The group has been collecting items to display including a not-too-far-from-surplus SPA-25G radar panel and Adams’ bell, but they want a ship to put them on. Perhaps a recently retired FFG-7?
Meanwhile, on the West Coast, the final two members of the USCG’s WWII-era Balsam-class 180-foot buoy tenders have run out of time. USCGS Iris (WLB-395) and Planetree (WLB-307) were decommissioned after helping with the Exxon Valdez oil spill in 1995 and 1999, respectively, and have been sitting in the rusting quiet of the SBRF, Suisun Bay, CA mothballs fleet ever since.
While efforts have been off and on over the past couple decades to save one or both, they have been sold for scrap and are headed to Texas by the same long-distance sea tow. As such, it will end more than 75 years of service tended by these vessels to Uncle.
Finally, in a bright sign, the retired U.S. Coast Guard cutter Bramble (WLB-392) could be repeating her historic 1957 voyage through the Northwest Passage. Another of the “180s,” Bramble has been a museum ship in Port Huron for years but was recently sold to a man who wants to repeat the famous five-month trek of the U.S. Coast Guard Cutters Storis, SPAR and Bramble, along with the crew of the Canadian icebreaker HMCS Labrador from May to September of 1957.
Things are easier up there these days, and the crew of the U.S. Coast Guard Cutter Maple, a 225-foot Juniper-class seagoing buoy tender, did the trip in just 47 days last year with no icebreaking involved, so it’s not that hard to fathom.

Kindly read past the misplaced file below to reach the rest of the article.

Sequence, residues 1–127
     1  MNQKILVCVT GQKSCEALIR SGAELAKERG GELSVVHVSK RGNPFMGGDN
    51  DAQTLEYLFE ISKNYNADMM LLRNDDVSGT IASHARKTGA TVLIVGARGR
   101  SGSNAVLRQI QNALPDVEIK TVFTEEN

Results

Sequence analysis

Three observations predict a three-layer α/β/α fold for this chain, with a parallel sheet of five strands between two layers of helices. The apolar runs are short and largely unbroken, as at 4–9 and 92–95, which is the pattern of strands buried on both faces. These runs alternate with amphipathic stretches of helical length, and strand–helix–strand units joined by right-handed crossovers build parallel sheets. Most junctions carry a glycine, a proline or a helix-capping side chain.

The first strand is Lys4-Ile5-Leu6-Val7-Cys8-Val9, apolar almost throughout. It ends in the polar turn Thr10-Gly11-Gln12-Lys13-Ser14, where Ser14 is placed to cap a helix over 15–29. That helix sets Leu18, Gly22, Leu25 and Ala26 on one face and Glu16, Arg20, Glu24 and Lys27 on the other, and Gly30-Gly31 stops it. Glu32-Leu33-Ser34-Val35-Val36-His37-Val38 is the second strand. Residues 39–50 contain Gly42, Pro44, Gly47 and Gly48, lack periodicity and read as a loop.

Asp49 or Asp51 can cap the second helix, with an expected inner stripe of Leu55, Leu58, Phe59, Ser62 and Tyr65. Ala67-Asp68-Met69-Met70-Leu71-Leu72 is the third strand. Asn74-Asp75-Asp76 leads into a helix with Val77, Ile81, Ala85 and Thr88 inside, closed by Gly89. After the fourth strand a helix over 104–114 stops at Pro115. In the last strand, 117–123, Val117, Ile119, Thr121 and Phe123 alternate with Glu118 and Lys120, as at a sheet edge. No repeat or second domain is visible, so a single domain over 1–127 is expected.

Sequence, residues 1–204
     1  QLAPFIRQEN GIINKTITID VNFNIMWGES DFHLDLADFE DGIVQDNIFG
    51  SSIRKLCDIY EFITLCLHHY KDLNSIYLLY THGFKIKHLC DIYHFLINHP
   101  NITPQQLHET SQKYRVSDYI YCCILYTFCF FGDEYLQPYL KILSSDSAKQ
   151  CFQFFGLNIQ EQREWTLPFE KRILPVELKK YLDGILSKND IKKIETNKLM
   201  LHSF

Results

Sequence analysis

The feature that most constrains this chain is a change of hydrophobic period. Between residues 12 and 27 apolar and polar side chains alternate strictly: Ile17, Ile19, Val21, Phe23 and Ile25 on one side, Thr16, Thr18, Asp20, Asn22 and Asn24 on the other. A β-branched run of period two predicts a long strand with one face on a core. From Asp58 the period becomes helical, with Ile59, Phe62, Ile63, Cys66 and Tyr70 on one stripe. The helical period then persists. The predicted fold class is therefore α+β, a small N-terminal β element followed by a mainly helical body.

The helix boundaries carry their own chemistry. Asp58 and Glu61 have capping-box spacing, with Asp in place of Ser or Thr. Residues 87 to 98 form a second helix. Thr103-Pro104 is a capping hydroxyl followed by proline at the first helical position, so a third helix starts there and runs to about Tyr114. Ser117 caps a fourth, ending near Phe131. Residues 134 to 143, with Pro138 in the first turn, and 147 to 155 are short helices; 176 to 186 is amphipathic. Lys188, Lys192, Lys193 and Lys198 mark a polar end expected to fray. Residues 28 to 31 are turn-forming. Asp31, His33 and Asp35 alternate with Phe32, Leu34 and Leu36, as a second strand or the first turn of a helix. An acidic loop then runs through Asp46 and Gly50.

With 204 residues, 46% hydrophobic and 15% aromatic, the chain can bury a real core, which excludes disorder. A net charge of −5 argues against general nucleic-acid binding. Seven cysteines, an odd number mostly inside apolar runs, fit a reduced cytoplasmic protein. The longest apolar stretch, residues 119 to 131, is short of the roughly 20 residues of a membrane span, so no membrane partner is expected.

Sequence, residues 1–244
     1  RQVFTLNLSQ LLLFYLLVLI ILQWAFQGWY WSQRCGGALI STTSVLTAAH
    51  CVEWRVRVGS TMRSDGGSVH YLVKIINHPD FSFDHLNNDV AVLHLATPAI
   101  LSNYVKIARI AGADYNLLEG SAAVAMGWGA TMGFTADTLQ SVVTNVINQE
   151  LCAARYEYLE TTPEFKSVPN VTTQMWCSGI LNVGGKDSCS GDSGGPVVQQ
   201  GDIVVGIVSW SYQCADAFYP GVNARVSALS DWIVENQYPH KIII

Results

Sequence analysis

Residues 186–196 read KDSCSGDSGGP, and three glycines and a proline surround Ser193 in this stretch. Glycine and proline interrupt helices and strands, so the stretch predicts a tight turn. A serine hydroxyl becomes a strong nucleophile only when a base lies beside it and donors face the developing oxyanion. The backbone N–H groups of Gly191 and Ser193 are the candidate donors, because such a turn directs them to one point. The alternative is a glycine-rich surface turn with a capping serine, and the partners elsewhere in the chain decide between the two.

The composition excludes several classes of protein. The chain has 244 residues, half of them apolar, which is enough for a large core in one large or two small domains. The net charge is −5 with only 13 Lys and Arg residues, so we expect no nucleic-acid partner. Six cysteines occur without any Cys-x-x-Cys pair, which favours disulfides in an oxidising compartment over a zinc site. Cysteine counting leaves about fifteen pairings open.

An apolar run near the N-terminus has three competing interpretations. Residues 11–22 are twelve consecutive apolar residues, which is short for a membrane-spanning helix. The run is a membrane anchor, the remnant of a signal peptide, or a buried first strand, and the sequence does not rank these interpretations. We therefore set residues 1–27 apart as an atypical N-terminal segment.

Either way, you have to love Bramble‘s patch.
USS Arleigh Burke (DDG-51), the paterfamilias of the largest class of warships built in the West since Korea and longest production run for any post-WWII U.S. Navy surface combatant, was laid down at Bath Iron Works in Maine on this day in 1988, set for a 1991 commission.
Elsewhere that day, Roy Orbison died of a heart attack at age 52, Nelson Mandela was transferred to Capetown’s Victor Vester Prison, Mikhail Gorbachev was Chairman of the Presidium of the Supreme Soviet, and Ronald Reagan was busy packing for the ranch in California as George H. W. Bush was slated to move into the Oval Office.
The top of the Top 100 that week, as related by Casey Kasem, was Chicago’s power ballad Look Away.
To borrow a line from the song, the Navy may have been looking (hard) but they haven’t “Found someone else” and Burke remains on active duty. In 2011, she completed a hull, mechanical and electrical (HM&E) modernization to extend her service life to 40~ years, well into the 2030s. By that time, as many as 104 Burke-class destroyers could be on the Navy List.
Just after VE-Day, the Royal Navy was able to skate on WWII production destroyers for a while, but by the early 1950s, it was realized that more…um…economical vessels could take up the slack that didn’t require fully-armed 30+ knot greyhounds to accomplish. Roles like ocean surveillance, escorting amphibious task forces and convoys could be filled by a reasonably seaworthy tin can of some 100m in length who, outfitted with a number of fuel-sipping diesels, could run on the cheap and at a lower speed than that needed by HMs carriers. Enter the Type 61 (Salisbury) and Type 41 (Leopard) class vessels.